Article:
Due to the clunky nature of the system, however, this isn’t quite like  the anthropologically-mind and action-packed romp I compared it to. There is a loose cover system that works sometimes, however it you’ll also find yourself just shooting the boxes you’re poised behind. The enemy AI’s tactics haven’t changed much, and certainly do not look for cover when shooting at Prompto. If the developers were aiming (pardon the pun) for a Cover Shooter and JRPG marriage, they didn’t achieve it. This new battle system isn’t leveraged, and so there is only one boss where it is truly utilized in a meaningful way. It isn’t bad by any means, but like many mechanics in XV, it seems that the developers were still trying to figure out the constraints and possibilities of their own system. But at least, as you may expect, you can take a selfie with your armed opponents.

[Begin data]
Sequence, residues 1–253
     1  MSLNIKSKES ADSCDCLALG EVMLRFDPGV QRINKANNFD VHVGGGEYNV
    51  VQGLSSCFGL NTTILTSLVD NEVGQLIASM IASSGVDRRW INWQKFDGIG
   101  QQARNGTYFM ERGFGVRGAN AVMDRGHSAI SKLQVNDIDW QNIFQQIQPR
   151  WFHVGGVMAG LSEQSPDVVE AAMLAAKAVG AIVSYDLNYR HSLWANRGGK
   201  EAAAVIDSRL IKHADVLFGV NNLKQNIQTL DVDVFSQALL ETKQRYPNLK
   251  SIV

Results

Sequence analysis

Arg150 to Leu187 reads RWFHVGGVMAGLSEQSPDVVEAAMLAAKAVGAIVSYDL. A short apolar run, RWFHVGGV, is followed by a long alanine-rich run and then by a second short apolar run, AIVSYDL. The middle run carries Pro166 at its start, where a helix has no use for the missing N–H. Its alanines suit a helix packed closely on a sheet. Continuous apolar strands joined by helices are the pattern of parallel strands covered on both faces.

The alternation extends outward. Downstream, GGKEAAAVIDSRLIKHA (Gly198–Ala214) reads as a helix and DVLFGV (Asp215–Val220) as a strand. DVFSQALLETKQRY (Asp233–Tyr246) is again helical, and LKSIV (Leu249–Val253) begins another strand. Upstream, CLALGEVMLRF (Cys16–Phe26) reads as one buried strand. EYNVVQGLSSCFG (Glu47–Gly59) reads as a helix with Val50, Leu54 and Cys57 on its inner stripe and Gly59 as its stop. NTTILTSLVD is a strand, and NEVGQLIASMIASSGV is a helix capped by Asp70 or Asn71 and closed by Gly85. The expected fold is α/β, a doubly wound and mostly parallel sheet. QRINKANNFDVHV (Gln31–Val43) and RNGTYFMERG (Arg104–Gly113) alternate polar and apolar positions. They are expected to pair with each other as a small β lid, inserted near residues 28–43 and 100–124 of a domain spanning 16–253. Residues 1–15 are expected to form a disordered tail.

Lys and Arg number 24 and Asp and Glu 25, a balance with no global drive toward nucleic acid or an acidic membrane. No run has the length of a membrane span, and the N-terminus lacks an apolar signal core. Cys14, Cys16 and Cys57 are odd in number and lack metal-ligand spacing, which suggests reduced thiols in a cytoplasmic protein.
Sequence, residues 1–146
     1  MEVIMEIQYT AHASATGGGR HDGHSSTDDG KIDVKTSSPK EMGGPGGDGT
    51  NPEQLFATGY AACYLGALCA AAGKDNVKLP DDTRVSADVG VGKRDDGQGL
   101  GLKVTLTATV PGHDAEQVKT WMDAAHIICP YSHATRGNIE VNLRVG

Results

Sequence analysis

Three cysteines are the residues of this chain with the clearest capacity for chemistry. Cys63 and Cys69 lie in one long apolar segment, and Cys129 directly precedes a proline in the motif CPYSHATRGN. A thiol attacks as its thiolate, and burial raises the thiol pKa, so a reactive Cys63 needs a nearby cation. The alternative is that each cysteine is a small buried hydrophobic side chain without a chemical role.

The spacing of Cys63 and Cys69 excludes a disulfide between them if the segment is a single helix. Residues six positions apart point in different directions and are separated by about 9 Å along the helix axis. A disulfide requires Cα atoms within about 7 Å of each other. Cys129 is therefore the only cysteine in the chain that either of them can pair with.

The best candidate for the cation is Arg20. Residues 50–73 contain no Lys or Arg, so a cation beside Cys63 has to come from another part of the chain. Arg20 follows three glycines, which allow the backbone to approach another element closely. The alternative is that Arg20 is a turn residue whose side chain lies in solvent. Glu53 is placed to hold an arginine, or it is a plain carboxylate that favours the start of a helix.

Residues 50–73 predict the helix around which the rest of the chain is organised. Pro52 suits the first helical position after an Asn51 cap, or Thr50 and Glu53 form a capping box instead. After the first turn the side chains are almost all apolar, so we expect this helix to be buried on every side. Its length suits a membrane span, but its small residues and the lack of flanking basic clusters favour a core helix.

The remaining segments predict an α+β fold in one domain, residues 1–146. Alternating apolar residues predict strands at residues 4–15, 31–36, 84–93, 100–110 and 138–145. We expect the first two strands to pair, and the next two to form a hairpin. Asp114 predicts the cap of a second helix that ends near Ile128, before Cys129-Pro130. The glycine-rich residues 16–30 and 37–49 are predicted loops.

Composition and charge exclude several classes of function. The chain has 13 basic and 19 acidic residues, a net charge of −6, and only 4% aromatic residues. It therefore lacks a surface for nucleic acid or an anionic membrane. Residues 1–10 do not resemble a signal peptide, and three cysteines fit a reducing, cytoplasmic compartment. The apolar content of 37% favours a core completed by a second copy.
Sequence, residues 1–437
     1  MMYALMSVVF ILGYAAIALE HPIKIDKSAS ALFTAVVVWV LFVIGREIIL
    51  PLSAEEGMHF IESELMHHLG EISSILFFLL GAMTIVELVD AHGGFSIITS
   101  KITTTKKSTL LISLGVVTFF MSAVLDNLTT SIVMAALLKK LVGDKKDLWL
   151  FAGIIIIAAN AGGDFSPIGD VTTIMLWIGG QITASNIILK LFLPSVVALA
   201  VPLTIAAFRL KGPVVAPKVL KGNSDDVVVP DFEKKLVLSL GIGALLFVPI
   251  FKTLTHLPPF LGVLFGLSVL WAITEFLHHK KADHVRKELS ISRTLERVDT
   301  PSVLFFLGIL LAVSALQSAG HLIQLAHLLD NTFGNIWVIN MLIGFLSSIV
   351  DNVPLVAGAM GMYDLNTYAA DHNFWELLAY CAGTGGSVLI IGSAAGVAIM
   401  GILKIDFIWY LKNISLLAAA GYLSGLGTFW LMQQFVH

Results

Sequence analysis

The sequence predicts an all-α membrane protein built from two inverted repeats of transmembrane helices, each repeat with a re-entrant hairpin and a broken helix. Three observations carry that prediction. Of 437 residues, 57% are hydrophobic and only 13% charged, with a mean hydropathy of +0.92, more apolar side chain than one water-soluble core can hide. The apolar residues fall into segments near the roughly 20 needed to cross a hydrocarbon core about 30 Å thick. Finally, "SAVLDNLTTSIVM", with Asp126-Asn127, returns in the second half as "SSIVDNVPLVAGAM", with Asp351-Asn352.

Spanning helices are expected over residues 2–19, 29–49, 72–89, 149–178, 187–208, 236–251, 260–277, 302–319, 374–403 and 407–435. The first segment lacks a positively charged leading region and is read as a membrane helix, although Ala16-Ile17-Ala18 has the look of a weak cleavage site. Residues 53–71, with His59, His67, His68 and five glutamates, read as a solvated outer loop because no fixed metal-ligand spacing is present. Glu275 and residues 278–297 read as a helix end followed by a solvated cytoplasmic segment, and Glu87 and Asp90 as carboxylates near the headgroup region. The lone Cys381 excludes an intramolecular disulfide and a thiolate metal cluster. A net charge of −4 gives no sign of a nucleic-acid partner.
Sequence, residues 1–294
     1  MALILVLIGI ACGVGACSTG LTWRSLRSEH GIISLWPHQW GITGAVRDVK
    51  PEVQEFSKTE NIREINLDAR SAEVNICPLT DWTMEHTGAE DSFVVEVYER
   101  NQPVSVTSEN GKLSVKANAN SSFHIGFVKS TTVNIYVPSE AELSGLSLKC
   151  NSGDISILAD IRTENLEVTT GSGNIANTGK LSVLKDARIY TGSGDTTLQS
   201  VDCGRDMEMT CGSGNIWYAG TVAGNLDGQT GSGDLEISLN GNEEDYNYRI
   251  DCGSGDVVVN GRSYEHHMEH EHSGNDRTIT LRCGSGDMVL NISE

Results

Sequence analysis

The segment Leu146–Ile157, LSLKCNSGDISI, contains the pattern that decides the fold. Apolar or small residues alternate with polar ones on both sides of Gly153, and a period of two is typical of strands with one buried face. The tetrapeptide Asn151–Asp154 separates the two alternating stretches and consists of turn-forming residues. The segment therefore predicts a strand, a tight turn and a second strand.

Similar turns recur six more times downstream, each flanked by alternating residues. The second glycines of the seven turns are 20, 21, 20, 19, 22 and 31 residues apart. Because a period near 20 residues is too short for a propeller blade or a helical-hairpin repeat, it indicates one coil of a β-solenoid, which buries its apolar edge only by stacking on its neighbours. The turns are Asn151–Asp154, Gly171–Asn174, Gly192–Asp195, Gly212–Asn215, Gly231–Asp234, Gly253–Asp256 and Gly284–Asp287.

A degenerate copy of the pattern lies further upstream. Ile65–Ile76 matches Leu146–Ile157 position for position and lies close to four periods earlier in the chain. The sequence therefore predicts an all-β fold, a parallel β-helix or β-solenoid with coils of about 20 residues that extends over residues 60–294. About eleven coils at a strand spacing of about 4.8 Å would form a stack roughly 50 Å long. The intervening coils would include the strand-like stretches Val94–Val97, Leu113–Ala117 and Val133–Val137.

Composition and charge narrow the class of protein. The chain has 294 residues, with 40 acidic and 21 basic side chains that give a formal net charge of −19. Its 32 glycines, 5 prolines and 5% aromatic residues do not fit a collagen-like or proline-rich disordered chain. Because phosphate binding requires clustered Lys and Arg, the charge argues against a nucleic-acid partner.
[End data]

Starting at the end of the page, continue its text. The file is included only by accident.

These complaints may appear damning, but in writing them they also inadvertently become hyperbolic; the DLC is fun, its just not a slam dunk. Like its predecessor Episode Gladio, it has extra modes and weapons that add replay value. And, there are a handful of side quest to complete as well as documents and audio diaries you will surely miss on your first pass. However, I don’t know if I will end up doing those things to completion.